BY REBECCA ISENHART
NISKAYUNA — After a long winter, a handmade gift from a 2014 Niskayuna High School graduate is finally bringing sunshine at the Niskayuna Senior Center.
Two raised planters, donated in October by Jake Rutland as part of his Eagle Scout project, are the center of the newly formed gardening club at the senior center. On April 14, the club had its first meeting, where about a dozen seniors gathered to daydream about the colorful plants they’ll soon begin to cultivate — and the joint pain they won’t.
“They’re raised. That’s a really big challenge, not just for seniors but for everybody, getting down on the ground,” said Lisa Stevens, a town employee who will help to lead the club.
Lynn Lauzon-Russom said working in the donated raised planters will provide her with a way to continue one of her favorite hobbies, even as she begins to admit she can’t keep up with her gardens at home anymore.
“I realize over time, it’s my body. It’s the knees,” she said. “With my knees just aging, it’s harder to get down to keep things clean. The lifting is another issue.”
Lauzon-Russom said it would have been a difficult spring if it weren’t for the new club at the senior center, which will allow her to grow vegetables and flowers alongside friends, rather than having to give up gardening altogether .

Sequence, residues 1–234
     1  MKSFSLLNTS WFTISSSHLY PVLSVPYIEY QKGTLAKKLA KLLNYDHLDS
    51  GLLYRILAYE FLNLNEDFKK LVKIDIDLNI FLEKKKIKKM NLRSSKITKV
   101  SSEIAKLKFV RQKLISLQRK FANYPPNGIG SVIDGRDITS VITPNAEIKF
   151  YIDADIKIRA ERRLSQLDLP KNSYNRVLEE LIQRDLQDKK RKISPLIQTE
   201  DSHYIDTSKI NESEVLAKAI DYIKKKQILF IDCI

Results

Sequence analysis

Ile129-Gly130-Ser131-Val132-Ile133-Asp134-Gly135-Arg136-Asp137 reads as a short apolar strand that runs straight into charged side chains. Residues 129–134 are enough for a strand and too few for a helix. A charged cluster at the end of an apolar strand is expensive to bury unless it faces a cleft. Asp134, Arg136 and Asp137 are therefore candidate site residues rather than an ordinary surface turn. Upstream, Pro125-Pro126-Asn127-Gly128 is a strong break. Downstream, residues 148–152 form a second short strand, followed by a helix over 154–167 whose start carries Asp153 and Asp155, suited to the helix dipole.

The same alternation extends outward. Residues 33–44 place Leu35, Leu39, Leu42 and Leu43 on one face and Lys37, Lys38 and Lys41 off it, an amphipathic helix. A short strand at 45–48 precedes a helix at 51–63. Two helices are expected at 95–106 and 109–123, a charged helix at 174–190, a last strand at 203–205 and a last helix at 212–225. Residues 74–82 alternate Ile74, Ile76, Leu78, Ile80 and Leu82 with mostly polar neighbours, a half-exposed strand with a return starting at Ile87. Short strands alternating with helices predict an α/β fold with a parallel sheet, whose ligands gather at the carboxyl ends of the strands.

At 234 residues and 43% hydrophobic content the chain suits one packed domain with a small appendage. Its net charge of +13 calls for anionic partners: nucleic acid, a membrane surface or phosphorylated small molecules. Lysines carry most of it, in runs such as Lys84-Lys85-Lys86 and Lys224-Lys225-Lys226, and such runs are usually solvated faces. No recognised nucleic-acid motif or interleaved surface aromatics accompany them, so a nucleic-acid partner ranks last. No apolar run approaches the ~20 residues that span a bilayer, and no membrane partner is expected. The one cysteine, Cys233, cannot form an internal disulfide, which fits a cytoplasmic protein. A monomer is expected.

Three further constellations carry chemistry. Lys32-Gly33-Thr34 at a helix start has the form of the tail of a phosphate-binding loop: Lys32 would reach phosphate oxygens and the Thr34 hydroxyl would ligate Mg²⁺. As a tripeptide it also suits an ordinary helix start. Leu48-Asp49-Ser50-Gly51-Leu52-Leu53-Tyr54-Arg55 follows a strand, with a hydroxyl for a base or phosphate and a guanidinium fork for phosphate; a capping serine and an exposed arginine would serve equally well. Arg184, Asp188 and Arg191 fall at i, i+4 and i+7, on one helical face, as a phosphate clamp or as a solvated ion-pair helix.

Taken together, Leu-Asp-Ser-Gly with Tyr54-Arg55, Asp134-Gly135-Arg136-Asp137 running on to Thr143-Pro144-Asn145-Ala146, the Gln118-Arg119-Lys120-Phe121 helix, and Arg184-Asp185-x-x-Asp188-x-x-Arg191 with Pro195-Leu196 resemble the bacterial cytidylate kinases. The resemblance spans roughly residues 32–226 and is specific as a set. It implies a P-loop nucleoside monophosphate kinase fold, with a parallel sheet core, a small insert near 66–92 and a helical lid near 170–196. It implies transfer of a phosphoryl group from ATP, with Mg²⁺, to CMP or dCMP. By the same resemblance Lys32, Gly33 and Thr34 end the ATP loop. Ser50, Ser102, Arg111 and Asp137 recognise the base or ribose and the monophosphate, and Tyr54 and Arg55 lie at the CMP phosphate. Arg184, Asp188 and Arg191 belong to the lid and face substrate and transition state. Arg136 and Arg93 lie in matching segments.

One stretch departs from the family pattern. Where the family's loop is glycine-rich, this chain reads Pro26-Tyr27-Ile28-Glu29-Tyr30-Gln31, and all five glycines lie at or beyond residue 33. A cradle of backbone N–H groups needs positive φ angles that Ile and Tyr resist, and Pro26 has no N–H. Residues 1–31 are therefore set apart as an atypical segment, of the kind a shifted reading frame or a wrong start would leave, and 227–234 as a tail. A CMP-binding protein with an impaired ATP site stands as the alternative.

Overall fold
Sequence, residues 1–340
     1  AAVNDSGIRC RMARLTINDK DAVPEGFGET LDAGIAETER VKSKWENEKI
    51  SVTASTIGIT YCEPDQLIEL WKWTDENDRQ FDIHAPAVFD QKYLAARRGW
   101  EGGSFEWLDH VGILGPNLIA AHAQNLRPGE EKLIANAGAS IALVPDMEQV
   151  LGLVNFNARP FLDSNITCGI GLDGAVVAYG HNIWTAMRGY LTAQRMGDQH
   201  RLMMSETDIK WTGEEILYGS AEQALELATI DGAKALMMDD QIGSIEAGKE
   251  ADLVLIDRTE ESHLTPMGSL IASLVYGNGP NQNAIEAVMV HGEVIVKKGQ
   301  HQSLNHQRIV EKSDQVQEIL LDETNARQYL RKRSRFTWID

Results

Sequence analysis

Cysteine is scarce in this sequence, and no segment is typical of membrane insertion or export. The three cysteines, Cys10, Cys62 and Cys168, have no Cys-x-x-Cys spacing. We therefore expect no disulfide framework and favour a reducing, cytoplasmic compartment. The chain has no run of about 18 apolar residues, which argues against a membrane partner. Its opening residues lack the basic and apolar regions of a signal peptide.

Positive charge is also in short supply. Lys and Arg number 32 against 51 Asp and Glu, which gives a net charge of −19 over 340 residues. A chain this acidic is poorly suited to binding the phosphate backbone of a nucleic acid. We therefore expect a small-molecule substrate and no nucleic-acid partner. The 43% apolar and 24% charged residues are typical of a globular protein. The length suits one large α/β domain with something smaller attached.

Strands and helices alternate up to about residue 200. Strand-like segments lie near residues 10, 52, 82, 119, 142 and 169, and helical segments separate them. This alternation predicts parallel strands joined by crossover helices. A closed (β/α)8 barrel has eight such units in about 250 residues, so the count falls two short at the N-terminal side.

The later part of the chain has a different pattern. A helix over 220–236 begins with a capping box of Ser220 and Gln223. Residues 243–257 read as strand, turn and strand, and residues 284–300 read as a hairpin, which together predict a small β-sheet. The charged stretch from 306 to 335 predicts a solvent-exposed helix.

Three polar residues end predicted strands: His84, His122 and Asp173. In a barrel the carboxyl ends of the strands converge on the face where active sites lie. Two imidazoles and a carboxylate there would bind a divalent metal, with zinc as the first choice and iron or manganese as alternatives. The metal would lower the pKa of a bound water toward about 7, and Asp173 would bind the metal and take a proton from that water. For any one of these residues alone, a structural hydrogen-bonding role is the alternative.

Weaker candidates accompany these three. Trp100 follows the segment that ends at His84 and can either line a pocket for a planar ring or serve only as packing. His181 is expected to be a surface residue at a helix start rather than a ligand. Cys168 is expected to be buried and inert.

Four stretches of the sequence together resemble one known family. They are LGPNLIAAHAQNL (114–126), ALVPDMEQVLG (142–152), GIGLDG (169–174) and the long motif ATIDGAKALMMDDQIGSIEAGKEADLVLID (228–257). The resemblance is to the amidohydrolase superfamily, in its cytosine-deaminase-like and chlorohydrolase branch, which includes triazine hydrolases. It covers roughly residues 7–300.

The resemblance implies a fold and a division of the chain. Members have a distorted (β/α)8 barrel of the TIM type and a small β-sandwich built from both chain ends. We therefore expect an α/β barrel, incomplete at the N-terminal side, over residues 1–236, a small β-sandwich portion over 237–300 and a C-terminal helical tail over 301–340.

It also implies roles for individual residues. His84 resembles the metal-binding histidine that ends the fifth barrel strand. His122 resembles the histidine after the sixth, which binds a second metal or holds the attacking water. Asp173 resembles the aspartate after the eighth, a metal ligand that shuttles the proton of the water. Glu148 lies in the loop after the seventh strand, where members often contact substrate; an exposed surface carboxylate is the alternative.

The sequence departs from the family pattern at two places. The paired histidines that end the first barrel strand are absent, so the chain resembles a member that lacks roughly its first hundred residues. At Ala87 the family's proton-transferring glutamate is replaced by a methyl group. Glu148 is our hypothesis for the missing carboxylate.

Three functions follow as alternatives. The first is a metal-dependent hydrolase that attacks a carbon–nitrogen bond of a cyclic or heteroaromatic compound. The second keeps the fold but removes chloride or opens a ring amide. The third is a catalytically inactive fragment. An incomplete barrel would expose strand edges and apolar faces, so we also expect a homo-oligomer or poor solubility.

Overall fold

“I love it, especially this time of year,” she said. “To go out and have a BLT with your own fresh tomatoes.”
There were several novices in the group, too, who had never done much gardening but thought, without having to go it alone, that growing something green sounded like fun.
The garden promises to be a productive complement to another healthy initiative at the senior center. Just a few months ago, the center partnered with the Cornell Cooperative Extension under a grant from Schenectady County to create a completely new menu for the senior center, with a focus on fresh ingredients and healthier offerings at their twice-weekly lunches.
“We would love to see some vegetables grown in them because we do cook two times a week downstairs,” Stevens said.
“Today we had a vegetable quesadilla, which was delicious,” she added. “Herbs would be awesome.”
The seniors also hope to garden along a walkway on the lower level that’s scheduled to get some attention from the Niskayuna Highway Department later this season. The town intends to replace aging wooden beams with fresh brick, which would leave the sides of the walkway at about chest height, creating another space for easy planting.
There, the seniors would likely plant flowers.
At the first meeting, the team of future senior gardeners tossed out ideas that would bring the whole community to their table. They suggested partnering with the Cornell Cooperative Extension once again to provide classes, or inviting artists to paint still lifes. They talked about creating a “Veggie Mobile,” where they could drive around and sell their freshly grown produce, and suggested inviting Girl Scouts and students to come and get their hands dirty.
But no matter what might sprout up next from the promising planters, it’s bound to be a good time.
“I like to play in the dirt,” senior Lucy Gallagher said. “That’s what it amounts to.”